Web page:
The Model Tenancy Act approved by the Union Cabinet on Wednesday is a laudable step towards ironing out some major kinks that beset a large chunk of the owner-tenant community under the existing legal framework. Chandigarh has done well to adopt it immediately. The other states and UTs should incorporate it, too, with provisions suited to their local markets. The letter and spirit of the new Act is to restore trust and balance in this potentially volatile owner-occupant relationship by encompassing the safety measures essential to both parties for a symbiotic growth. The mutually beneficial terms and conditions laid out in the Act along with separate rent authorities and courts envisaged for speedy resolution of tenancy issues are the reforms whose need has been felt for a long time. They are directed at pulling the rental sector out of a dispute-riddled quagmire.
At present, in the absence of a mandatory written agreement to be registered with the authorities, as also the costly and protracted system of judicial reprieve, often it is money and muscle power that tend to shift advantage. Generally, depending on who is at the receiving end, either the landlady feels robbed of her returns from a hard-earned investment (a factor crucial in a poor social security ambience) or a needy tenant, commercial or residential, finds himself/herself extorted of funds or evicted from the premises.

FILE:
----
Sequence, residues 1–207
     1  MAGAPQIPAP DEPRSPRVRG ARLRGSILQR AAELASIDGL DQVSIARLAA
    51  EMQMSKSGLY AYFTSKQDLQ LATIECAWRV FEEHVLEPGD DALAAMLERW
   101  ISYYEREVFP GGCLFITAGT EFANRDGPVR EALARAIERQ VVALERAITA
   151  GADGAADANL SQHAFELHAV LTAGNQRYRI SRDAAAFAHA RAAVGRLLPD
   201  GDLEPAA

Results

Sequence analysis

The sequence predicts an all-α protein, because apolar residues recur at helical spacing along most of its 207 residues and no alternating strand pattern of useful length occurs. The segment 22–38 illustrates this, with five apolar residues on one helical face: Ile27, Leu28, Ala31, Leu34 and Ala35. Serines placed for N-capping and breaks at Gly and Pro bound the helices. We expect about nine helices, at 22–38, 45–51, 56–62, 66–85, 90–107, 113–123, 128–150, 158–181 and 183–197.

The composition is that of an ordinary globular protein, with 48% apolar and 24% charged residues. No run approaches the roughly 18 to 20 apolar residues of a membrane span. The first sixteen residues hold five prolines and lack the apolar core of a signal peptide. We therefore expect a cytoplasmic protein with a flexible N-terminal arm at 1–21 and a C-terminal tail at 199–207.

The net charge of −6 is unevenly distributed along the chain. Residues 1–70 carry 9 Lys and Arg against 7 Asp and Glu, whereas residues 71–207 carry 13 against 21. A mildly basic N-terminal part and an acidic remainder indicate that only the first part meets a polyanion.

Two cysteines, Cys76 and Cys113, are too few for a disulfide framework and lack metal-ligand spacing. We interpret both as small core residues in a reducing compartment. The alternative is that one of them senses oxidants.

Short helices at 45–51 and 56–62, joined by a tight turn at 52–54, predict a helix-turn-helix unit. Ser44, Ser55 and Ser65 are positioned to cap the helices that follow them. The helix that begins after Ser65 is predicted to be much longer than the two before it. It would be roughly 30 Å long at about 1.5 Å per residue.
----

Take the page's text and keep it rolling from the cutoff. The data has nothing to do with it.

The Act aims to protect the two parties by addressing such loopholes. The rent deed binds them against taking such harsh steps as levying huge security deposits or withholding essential supplies as also not paying rent, subletting or overstaying the tenancy period. But the proof of its efficacy lies in the implementation. The authorities need to facilitate the execution of the new rules at once. These confidence-building measures are bound to have a positive impact on real estate. In a trustworthy legal environment, more proprietors can be expected to unlock their properties for tenants and developers to invest in rental apartments. The inclusive atmosphere will ease the problem of housing shortage, and lead to a stabilising of rates.